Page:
Working together to unlock the lifesaving power of data
2018 marks the 20th anniversary of WHO and UNICEF’s Joint Reporting Form (JRF) on Immunization – a single form used by all countries to record data on national immunization rates and cases of vaccine-preventable diseases; track vaccine supply and pricing; and monitor immunization schedules and policies. Since the introduction of the form in 1998, immunization data for more than 2.7 billion newborns have been recorded using the JRF.
But collection of immunization data did not start as a joint WHO-UNICEF process. While our two organizations both began collecting national immunization coverage data in the late 1970s, as part of the Expanded Programme on Immunization (EPI), which aims to make vaccines available to all children, we collected it independently, at different times of the year, and using different methods.
This approach produced differing global coverage estimates, making it challenging for the international community to use these estimates to target support where it was most needed. The dual reporting approach also placed a heavy burden on countries, requiring them to collect and report data twice each year. The JRF was a game changer – this joint WHO-UNICEF, worldwide immunization data collection process using uniform methodology and resulting in a single set of more robust estimates, which is not only instrumental in helping immunization stakeholders and partners monitor immunization progress towards targets of the Global Vaccine Action Plan, but is also critical in measuring the impact of global immunization investments.
In 1998, when the JRF was first launched, most country immunization programmes offered vaccination against six diseases – diphtheria, measles, pertussis, polio, tetanus and tuberculosis – and focused mainly on children under one year of age.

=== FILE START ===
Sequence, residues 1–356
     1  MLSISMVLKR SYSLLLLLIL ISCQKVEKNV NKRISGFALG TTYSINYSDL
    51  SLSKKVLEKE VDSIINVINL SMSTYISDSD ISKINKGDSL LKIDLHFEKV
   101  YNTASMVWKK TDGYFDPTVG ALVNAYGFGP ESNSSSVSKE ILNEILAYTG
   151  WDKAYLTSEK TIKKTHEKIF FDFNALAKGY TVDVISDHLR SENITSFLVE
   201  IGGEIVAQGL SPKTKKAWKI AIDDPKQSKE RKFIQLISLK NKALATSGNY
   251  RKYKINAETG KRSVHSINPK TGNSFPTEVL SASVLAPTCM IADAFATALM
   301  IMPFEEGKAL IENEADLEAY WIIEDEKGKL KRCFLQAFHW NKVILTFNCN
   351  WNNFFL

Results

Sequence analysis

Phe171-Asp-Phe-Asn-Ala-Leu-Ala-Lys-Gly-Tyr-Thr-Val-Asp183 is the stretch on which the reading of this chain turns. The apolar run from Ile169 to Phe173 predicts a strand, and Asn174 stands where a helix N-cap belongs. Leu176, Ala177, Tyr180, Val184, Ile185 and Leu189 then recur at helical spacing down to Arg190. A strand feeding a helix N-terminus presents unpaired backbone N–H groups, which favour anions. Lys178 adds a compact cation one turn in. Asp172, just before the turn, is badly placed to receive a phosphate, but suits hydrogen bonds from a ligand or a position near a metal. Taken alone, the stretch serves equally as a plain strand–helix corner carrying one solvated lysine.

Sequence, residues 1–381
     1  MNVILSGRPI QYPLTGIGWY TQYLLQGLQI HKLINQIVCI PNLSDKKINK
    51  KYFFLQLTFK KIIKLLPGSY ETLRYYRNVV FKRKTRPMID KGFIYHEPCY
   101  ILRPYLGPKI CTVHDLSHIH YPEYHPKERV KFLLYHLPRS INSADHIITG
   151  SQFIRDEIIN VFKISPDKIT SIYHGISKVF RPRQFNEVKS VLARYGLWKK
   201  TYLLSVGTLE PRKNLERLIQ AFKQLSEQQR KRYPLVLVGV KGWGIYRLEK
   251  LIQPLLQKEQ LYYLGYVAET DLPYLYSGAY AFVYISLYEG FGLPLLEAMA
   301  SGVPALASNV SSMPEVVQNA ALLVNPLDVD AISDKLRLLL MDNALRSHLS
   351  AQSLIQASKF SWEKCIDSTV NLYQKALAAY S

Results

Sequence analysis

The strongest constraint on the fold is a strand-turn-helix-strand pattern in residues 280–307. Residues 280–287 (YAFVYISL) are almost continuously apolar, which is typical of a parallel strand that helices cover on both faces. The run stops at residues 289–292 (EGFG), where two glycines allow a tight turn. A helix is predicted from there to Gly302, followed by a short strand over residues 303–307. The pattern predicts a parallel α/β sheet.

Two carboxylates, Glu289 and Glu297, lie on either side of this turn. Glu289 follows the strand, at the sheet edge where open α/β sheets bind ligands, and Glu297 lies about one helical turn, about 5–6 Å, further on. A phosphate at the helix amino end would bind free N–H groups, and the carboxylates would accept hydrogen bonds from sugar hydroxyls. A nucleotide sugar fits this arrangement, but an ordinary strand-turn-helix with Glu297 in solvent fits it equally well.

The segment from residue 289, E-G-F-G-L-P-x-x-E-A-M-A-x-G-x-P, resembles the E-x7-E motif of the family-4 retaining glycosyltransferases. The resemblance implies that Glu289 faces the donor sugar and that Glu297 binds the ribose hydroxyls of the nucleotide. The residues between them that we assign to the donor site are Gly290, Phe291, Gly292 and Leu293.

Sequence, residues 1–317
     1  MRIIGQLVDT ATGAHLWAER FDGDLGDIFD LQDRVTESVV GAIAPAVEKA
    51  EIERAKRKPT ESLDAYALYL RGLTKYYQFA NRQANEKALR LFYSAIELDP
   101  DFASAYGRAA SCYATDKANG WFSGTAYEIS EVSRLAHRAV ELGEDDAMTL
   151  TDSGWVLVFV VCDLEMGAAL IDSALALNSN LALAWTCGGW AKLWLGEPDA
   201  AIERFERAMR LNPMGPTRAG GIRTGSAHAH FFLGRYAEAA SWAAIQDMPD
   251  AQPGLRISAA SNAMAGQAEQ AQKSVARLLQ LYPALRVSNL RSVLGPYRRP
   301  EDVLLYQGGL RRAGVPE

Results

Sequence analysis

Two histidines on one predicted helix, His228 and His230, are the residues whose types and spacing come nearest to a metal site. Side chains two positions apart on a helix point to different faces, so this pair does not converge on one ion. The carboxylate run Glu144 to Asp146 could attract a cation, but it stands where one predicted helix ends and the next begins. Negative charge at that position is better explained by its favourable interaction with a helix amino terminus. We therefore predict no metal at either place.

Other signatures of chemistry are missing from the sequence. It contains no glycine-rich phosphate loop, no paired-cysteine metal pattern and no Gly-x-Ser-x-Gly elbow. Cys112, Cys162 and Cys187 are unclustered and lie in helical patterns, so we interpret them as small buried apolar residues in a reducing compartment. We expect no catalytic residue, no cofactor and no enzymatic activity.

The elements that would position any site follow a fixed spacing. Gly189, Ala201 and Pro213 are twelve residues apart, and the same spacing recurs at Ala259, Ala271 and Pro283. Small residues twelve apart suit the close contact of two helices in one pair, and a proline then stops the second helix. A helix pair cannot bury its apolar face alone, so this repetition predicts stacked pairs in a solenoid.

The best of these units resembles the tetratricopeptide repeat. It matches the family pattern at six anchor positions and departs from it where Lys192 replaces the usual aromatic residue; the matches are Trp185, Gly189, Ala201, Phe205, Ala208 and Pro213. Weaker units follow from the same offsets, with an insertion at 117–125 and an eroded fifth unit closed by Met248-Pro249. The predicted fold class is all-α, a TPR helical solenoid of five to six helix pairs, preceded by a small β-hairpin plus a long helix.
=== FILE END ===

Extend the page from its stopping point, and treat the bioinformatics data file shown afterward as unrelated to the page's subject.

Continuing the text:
Today, scientific progress and development have expanded the scope of immunization programmes: countries now vaccinate against a minimum of 10 diseases, the number of available vaccines has more than tripled, and vaccinations are now delivered throughout the life-course. These changes have brought a need for more sophisticated monitoring and data systems that can track and manage this increased programme complexity.
In response, innovations in data collection enable the JRF to not only collect data on vaccination coverage and the number of cases of vaccine-preventable diseases, it also tracks the prices of vaccines in 195 countries, and records progress against global immunization goals.
See the full Commentary From Dr Princess Nothemba Simelela, Assistant Director-General, Family, Women, Children and Adolescents, WHO and Robin Nandy, Principal Advisor & Chief of Immunizations, UNICEF